Shopping Cart -

Your cart is currently empty.
Continue Shopping
This website use cookies and similar technologies to improve the site and to provide customised content and advertising. By using this site, you agree to this use. To learn more, including how to change your cookie settings, please view our Cookie Policy
Pocketmags Digital Magazines
Pocketmags Digital Magazines
   You are currently viewing the Canada version of the site.
Would you like to switch to your local site?
Digital Subscriptions > Tabletop Gaming > October 2019 (#35) > Friday Knight Magic

Friday Knight Magic

Magic: The Gathering’s latest set has been a decade in the making, but head designer Mark Rosewater believes its world of fairytales and fantasy is worth the wait. Will Throne of Eldraine give players their happy ever after?

Throne of Eldraine is the Magich:the Gathering set that head designer Mark Rosewater has been waiting over ten years to do. “One of the challenges of making an ongoing game is always finding new avenues to explore,” he says. “Part of this is creating a balance of different sensibilities.”

Taking place on a brand new plane of Magic’s multiverse, Eldraine, the set draws heavily from high fantasy and European folklore, such as traditional fairytales and the legends of King Arthur and the Knights of the Round Table.

“I describe it as Camelot meets Grimms’ Fairy Tales,” Rosewater says. “Magic is a fantasy game and all these stories fit perfectly in that setting. We’ve leaned into high fantasy before, but having actual folklore to play off of allows us to make a whole bunch of very endearing cards.”

Magic’s fairytale world hews closer to the Grimm brothers’ darkness than Disney. The classic childhood tropes are here, but in typical Magic fashion they’re twisted anew.

“It’s a Magic plane with our take on the tropes,” Rosewater says. “For example, Flaxen Intruder is a little blonde girl who has a run-in with three bears, but in our version of the story, she’s a bear hunter. Throne of Eldraine is filled with characters, objects, places and situations that the audience will recognise, but not exactly as they’ve seen them before.”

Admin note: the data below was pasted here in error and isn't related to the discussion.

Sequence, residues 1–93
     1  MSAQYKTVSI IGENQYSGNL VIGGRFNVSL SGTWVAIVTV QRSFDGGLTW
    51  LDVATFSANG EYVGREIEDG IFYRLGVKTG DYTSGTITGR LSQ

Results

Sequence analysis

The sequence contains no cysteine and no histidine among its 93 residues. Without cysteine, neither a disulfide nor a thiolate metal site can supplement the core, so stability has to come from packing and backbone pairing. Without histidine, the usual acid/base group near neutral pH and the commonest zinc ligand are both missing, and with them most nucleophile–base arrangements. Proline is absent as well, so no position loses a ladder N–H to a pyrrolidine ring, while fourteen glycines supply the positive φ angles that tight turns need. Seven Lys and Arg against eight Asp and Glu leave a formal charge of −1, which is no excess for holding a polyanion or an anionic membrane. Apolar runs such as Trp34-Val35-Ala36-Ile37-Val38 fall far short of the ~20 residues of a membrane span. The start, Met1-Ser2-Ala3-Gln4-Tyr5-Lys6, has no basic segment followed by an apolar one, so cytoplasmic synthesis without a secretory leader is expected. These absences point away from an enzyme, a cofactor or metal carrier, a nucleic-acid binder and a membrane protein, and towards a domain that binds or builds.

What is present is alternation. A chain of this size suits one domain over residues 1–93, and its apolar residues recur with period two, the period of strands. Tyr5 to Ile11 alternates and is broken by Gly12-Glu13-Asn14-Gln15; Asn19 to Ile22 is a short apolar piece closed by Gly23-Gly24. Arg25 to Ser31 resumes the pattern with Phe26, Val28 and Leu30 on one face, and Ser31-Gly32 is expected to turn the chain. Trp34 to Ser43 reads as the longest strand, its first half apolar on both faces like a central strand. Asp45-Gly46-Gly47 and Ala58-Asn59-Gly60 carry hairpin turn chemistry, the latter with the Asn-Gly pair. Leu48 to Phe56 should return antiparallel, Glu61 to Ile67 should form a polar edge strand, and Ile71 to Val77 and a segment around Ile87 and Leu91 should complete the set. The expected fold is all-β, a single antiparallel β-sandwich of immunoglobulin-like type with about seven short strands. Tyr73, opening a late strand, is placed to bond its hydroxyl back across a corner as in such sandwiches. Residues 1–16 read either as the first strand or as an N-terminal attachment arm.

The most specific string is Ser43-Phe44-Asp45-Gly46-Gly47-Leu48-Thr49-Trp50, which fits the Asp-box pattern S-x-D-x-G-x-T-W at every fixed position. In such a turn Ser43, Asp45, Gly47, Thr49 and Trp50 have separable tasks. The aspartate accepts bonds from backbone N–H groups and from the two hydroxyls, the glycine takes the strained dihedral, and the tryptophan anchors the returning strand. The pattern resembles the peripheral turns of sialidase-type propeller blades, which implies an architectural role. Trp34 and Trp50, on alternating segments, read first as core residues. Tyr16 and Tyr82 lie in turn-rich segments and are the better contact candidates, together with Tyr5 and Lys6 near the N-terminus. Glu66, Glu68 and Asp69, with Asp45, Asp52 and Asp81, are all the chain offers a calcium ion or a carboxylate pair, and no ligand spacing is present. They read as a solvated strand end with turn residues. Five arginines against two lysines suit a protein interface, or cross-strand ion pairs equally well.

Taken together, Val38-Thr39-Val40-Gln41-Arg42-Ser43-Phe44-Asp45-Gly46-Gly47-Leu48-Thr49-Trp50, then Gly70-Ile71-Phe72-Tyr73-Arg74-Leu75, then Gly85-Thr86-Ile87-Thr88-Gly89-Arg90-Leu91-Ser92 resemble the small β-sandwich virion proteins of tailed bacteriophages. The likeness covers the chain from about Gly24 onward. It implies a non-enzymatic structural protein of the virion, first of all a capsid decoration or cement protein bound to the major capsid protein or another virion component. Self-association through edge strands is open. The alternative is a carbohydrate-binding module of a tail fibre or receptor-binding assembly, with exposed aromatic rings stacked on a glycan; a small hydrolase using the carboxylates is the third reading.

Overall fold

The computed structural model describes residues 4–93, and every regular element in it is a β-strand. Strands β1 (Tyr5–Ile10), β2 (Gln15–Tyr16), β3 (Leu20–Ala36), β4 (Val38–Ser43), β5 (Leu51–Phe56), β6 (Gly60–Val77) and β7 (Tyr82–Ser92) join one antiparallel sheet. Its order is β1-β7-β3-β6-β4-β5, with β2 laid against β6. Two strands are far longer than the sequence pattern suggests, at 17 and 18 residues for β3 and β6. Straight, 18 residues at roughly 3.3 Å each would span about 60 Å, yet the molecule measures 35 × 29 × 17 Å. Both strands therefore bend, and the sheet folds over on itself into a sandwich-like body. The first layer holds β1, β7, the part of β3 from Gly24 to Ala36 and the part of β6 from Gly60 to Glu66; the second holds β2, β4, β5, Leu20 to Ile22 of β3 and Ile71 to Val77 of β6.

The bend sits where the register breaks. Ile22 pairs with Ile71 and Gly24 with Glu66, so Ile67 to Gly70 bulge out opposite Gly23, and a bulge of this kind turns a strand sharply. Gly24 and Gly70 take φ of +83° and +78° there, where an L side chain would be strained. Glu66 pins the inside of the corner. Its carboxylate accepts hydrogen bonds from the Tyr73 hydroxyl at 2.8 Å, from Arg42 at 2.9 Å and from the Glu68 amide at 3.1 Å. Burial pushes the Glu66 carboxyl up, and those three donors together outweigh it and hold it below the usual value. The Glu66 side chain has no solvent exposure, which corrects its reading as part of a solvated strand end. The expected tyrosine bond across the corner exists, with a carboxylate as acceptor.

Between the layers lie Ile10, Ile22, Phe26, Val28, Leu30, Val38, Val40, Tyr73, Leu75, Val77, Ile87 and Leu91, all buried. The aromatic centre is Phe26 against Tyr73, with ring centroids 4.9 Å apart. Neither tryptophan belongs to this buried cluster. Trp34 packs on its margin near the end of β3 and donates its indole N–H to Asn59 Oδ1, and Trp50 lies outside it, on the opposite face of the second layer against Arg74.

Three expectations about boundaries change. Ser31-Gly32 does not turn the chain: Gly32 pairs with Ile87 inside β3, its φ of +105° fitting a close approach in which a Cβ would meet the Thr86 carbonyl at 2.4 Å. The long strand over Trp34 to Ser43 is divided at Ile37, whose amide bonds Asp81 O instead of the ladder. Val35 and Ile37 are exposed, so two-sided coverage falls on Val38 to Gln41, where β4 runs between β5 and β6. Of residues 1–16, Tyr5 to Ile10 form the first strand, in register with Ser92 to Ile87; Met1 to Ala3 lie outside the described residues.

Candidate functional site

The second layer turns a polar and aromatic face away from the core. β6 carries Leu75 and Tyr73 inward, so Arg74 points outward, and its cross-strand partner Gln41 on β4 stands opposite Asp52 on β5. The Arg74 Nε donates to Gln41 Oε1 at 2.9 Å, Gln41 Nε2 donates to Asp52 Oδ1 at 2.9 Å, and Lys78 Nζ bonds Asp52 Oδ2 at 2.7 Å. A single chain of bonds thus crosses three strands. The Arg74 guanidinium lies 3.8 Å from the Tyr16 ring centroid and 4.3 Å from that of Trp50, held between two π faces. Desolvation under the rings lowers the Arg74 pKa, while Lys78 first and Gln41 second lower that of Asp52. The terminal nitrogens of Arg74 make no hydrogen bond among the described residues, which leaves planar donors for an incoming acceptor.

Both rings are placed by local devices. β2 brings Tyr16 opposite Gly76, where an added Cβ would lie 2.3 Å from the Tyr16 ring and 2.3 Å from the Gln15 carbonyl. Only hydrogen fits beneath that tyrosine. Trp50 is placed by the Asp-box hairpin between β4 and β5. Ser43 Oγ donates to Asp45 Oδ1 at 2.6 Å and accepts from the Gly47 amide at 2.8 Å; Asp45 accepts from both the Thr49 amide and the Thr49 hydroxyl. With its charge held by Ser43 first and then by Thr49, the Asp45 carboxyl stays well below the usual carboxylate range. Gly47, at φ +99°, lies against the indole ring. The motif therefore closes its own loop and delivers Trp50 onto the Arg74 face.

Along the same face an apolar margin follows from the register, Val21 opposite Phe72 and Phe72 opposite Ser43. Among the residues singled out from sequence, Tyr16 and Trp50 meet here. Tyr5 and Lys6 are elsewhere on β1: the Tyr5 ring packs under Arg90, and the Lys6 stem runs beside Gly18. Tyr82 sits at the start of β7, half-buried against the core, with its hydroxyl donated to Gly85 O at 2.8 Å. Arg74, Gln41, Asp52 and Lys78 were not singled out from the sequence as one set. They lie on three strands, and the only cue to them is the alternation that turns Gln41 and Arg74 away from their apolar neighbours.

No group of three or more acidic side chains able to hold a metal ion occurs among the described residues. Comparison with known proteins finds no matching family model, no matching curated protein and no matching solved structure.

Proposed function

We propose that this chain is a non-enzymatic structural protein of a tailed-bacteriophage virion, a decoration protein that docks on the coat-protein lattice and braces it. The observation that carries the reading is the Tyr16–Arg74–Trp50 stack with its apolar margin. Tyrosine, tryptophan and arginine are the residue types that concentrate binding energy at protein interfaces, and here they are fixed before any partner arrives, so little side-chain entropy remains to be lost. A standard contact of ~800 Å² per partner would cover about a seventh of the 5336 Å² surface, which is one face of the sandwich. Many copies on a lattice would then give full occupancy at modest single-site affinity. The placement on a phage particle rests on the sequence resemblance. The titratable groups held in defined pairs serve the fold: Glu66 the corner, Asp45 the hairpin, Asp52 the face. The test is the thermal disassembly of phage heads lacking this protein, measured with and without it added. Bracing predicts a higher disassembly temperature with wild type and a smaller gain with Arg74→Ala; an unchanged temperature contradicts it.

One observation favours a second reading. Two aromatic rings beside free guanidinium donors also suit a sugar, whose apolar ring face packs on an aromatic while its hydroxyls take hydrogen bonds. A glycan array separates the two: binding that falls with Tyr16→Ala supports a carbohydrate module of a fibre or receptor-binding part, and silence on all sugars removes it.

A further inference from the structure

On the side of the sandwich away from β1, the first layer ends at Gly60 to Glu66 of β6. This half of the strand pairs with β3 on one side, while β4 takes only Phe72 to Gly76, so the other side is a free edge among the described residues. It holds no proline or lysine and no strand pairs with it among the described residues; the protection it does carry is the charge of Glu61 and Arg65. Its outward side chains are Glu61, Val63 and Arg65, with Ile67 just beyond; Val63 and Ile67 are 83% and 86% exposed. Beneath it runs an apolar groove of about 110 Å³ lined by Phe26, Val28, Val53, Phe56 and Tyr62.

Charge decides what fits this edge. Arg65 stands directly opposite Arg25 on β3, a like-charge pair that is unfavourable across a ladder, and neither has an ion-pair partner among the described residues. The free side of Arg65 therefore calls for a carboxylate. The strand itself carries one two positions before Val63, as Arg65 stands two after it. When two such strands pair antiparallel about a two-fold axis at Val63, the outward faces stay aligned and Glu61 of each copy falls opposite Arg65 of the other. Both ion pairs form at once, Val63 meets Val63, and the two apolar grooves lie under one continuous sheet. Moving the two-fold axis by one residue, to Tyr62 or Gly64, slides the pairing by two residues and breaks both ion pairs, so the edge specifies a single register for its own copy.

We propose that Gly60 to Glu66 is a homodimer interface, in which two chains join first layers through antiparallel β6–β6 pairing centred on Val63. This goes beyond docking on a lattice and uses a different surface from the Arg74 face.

Purchase options below
Find the complete article and many more in this issue of Tabletop Gaming - October 2019 (#35)
If you own the issue, Login to read the full article now.
Single Issue - October 2019 (#35)
Or 849 points
Annual Digital Subscription
Only $ 7.50 per issue
Or 8999 points

View Issues

About Tabletop Gaming

Magic: The Gathering – Throne of Eldraine: Fairytales and fantasy collide in the card game’s epic next set, a decade in the making. Head designer Mark Rosewater tells us what to expect – and why the wait has been worth it. Tapestry: Scythe and Charterstone creator Jamey Stegmaier is rewriting history in his innovative civilisation game. The designer takes us inside his modern vision for the classic genre. 10 of the Best: The must-play releases at this year’s Essen Spiel game fair. Horror Games Special: We delve into the darkness of Dungeons & Dragons’ deadliest campaigns, take a look at how Call of Cthulhu’s Lovecraftian nightmares changed roleplaying forever and venture back into the House on the Hill to explore the making of Betrayal’s terrifying haunts. How We Made: Citadels: Bruno Faidutti looks back on how Marxism, Magic: The Gathering and being ‘too lazy to write a book’ helped inspire his brilliant city-building bluffing hit. Elder Scrolls: Call to Arms: The world of Skyrim is coming to the tabletop. We go hands-on with the upcoming RPG-turned-skirmish miniatures game. Ishtar: Gardens of Babylon: Kingdomino designer Bruno Cathala is reinventing the classic game of Go in his next game Reviews: Deep Blue Aeronautica Imperialis: Wings of Vengeance Band of Blades RPG Dune Zombicide: Invader Bosk Dead Man’s Cabal Lifeform Ragusa + more!